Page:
> The HALT instruction of the real PDP11 only stops the CPU
I have this bit set that on at least some models of the real machine, when
the CPU is halted, it does not do DMA grants? If so, on such machines, the
trick of depositing in the device registers directly would not work; the
device could not do the bus cycles to do the transfer to memory. Anyone know
for sure which models do service DMA requests while halted?
Something of a tangent:
In my early days with UNIX, one of the systems I helped look
after was an 11/45. Normally we booted it from an SMD disk
with a third-party RP-compatible contorller, for which we
had a boot ROM. Occasionally, however, we wanted to boot it
from RK05, usually to run diagnostics, occasionally for some
emergency reason (like the root file system being utterly
scrambled, or the time we ran that system, with UNIX, on a
single RK05 pack, for several days so our secretaries could
keep doing their troff work while the people who had broken
our air-conditioning system got it fixed--all other systems
in our small machine room had to stay shut down).
There was no boot ROM for the RK05, but it didn't matter:
one just did the following from the front-panel switches:
1. Halt/Enable to Halt
2. System reset (also sends a reset to the UNIBUS)
3. Load address 777404
4. Deposit 5.
(watch lights blink for a second or so)
5. Load address 0
6. Halt/Enable to Enable
777404 is the RK11's command register. 5 is a read command.
Resetting the system reset the RK11, which cleared all the
registers; in particular the word count, bus address, and
disk address registers. So when the 5 was deposited (including
the bit 01, the GO bit), the RK11 would read from address 0 on
the disk to address 0 in physical memory, then increment the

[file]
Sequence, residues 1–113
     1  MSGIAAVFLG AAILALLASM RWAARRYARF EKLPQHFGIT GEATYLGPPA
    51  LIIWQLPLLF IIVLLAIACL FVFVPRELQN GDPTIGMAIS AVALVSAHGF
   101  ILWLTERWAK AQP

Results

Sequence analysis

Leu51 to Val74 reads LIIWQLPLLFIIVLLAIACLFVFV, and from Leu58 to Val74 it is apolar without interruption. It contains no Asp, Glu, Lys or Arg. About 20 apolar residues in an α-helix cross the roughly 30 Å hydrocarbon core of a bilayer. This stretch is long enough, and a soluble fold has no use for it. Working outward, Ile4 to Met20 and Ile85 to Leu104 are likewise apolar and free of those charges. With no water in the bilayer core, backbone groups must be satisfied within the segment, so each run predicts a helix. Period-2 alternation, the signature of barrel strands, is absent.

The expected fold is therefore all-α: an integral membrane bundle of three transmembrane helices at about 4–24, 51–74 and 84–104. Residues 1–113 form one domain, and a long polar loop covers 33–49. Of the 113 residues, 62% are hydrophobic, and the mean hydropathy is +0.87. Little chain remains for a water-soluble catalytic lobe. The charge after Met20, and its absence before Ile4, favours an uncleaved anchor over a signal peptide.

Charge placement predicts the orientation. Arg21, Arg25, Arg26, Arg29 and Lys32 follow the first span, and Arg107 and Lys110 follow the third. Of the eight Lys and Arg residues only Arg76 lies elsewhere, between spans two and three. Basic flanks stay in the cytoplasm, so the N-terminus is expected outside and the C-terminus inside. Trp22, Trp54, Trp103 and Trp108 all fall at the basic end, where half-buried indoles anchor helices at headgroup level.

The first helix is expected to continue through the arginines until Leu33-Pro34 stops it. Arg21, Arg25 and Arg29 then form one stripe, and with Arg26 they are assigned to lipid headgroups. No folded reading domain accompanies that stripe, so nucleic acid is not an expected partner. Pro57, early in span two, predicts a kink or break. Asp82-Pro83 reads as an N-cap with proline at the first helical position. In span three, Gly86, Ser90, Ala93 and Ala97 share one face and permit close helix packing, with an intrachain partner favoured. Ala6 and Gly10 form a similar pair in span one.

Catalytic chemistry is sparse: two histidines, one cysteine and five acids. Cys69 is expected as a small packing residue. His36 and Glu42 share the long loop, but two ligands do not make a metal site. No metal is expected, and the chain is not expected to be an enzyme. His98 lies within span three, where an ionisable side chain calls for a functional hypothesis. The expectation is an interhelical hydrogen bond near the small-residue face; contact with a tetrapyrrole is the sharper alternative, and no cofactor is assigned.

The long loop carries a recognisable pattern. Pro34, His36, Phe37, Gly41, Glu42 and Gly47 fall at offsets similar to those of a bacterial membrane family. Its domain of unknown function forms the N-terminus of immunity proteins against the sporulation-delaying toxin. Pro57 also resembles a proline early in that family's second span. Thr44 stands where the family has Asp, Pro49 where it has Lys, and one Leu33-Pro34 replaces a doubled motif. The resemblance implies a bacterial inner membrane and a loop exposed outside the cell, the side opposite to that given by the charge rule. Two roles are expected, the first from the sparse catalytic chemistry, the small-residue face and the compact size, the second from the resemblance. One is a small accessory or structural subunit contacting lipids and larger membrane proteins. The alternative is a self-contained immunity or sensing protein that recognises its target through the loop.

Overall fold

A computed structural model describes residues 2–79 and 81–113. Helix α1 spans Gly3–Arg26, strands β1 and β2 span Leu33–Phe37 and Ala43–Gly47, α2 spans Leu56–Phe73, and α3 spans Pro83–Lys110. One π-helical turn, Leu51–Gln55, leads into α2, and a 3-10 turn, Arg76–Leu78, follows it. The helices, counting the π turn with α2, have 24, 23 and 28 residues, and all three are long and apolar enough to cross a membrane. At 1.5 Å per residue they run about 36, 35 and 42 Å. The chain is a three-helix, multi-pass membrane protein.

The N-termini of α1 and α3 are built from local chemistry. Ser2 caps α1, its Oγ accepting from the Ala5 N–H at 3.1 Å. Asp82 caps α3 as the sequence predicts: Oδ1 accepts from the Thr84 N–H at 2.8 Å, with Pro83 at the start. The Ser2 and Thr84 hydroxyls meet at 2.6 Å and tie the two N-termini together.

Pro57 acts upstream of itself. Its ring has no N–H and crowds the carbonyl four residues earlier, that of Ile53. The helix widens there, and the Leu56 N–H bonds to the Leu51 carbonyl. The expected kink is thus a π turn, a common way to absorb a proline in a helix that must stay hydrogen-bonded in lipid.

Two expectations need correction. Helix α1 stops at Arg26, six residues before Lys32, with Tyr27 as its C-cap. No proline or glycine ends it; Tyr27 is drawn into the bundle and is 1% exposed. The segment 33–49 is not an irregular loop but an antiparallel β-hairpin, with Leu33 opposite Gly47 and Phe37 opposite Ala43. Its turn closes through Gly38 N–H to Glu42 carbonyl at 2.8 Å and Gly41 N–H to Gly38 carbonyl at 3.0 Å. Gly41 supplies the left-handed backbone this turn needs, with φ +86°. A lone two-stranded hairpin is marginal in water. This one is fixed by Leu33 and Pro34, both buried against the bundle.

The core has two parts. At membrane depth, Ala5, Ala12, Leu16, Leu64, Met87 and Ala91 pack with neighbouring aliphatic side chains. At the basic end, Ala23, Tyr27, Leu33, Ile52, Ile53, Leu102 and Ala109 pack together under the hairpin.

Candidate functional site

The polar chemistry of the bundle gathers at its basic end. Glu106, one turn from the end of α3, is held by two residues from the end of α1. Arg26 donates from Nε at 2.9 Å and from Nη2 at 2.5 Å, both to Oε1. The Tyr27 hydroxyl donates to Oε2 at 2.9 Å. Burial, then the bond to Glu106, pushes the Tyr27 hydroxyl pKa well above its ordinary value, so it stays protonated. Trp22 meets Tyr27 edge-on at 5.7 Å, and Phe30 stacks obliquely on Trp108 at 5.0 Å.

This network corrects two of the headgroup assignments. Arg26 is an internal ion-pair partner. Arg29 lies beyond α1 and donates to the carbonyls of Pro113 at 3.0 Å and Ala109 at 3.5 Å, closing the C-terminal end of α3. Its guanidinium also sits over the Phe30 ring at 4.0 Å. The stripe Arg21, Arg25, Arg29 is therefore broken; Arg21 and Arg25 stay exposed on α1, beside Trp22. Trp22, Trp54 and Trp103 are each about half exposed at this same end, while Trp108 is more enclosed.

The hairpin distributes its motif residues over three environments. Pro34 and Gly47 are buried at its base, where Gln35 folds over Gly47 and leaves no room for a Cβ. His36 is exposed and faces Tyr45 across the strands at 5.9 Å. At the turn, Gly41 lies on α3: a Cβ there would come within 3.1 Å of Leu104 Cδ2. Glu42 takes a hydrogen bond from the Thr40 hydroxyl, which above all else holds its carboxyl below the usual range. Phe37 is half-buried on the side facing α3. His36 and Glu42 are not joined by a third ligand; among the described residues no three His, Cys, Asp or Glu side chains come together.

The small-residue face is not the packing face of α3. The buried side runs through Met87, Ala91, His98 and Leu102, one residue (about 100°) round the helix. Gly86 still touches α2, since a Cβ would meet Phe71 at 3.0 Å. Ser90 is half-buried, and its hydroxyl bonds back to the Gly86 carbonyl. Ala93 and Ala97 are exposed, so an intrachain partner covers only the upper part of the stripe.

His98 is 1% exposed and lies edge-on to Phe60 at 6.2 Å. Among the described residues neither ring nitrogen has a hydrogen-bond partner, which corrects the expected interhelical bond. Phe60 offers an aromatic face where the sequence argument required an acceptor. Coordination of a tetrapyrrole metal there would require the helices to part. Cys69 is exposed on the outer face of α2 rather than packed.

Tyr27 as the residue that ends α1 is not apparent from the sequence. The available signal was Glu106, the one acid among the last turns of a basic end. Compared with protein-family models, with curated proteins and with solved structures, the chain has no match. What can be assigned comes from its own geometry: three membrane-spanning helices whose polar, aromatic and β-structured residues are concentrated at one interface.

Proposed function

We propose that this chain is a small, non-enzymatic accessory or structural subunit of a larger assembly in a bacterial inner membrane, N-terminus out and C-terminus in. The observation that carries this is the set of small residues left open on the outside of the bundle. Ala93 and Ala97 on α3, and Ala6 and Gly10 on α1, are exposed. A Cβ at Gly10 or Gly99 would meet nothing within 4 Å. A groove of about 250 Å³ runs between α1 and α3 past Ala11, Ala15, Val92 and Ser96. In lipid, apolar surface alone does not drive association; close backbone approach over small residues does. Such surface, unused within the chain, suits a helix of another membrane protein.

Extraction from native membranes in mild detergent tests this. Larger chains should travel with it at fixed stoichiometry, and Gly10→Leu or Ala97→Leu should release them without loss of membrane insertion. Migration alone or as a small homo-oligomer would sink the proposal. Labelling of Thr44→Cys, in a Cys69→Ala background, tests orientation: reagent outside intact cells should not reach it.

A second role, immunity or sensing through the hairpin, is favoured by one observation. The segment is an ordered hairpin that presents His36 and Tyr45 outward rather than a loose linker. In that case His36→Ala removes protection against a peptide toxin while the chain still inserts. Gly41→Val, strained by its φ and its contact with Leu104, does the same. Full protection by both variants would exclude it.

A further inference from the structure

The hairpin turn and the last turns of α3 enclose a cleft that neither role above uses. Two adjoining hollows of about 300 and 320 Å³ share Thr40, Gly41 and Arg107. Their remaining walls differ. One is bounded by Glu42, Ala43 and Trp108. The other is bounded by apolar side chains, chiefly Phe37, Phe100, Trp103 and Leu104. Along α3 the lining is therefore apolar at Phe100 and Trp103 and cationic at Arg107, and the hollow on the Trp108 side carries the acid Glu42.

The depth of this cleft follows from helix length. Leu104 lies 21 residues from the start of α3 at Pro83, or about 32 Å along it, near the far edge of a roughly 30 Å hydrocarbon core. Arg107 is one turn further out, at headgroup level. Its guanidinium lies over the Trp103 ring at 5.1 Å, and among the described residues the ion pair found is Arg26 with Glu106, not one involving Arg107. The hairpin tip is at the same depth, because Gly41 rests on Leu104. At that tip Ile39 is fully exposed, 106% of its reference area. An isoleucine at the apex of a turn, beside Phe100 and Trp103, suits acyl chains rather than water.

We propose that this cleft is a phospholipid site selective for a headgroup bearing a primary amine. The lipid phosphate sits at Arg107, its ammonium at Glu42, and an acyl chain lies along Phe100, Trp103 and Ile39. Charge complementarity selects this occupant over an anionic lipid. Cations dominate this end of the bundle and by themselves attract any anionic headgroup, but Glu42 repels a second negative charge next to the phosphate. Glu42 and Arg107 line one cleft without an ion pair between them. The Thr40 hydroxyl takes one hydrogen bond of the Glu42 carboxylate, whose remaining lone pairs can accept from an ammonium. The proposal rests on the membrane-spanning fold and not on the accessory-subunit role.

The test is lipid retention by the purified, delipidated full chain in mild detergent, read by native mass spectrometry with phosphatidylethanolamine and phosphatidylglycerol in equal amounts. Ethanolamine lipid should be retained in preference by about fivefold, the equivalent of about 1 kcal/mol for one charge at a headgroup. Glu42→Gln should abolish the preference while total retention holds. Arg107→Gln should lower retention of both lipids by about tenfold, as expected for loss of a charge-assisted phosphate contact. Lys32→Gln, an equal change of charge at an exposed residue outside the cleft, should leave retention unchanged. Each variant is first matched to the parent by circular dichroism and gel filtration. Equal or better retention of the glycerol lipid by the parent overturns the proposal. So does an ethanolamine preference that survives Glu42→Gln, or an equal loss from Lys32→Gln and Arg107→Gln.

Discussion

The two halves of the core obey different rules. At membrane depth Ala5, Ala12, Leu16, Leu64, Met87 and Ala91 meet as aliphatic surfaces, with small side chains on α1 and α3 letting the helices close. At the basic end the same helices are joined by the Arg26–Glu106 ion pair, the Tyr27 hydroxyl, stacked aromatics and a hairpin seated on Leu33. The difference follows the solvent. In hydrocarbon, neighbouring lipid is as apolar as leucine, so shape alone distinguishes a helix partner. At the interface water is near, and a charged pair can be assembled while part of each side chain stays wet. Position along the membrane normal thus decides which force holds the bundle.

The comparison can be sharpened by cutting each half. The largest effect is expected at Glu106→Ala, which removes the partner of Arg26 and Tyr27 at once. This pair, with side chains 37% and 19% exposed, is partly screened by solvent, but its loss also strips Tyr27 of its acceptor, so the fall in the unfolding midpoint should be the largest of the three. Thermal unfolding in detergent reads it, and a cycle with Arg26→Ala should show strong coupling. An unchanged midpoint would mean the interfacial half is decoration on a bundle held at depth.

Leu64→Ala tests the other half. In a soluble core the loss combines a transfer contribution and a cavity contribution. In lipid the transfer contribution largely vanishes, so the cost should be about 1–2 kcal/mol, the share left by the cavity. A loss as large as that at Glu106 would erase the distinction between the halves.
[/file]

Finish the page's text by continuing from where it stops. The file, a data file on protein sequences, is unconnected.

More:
word-count register, and keep doing so until the word count
was zero after the increment. Or, in higher-level terms, read
the first 65536 words of the disk into the first 65536 words
Then starting at address 0 would start executing whatever code
was at the beginning of memory (read from the beginning of the
Only the first 256 words (512 bytes) of the disk was really
needed, of course, but it was harmless, faster, and easier to
remember if one just left the word-count at its initial zero,
so that is what we did.
The boot ROM for the SMD disk had a certain charm as well.
It was a quad-high UNIBUS card with a 16x16 array of diodes,
representing 16 words of memory. I forget whether one inserted
or removed a diode to make a bit one rather than zero.
It's too bad people don't get to do this sort of low-level stuff
these days; it gives one rather a good feel for what a bootstrap
does when one issues the command(s) oneself, or physically
programs the boot ROM.
Hi all, thanks for the wiki suggestions so far.
Does anybody have any lists of good Unix websites that I can add in to
the wiki at http://wiki.tuhs.org/doku.php?id=publications:websites
Also, any suggestions on how to organise the page, as I can see we will
end up with hundreds of links!
Someone off-list today asked about an annotated list of Unix papers which
might be good to add to the new wiki.
I've just uploaded my own short list of Unix papers, in BibTeX format, on
the wiki at:
If you have your own list of references in whatever format, could you
upload them into the wiki also?
Once you have registered and have write permissions, go to:
Media manager -> publications -> Upload. Select your file and upload.
The dokuwiki can deal with references in BibTeX format, I just don't know how
to do it yet. Once I do, I'll decorate links to papers with a reference.
Cheers & thanks, Warren
P.S I just uploaded some of the BSTJ papers into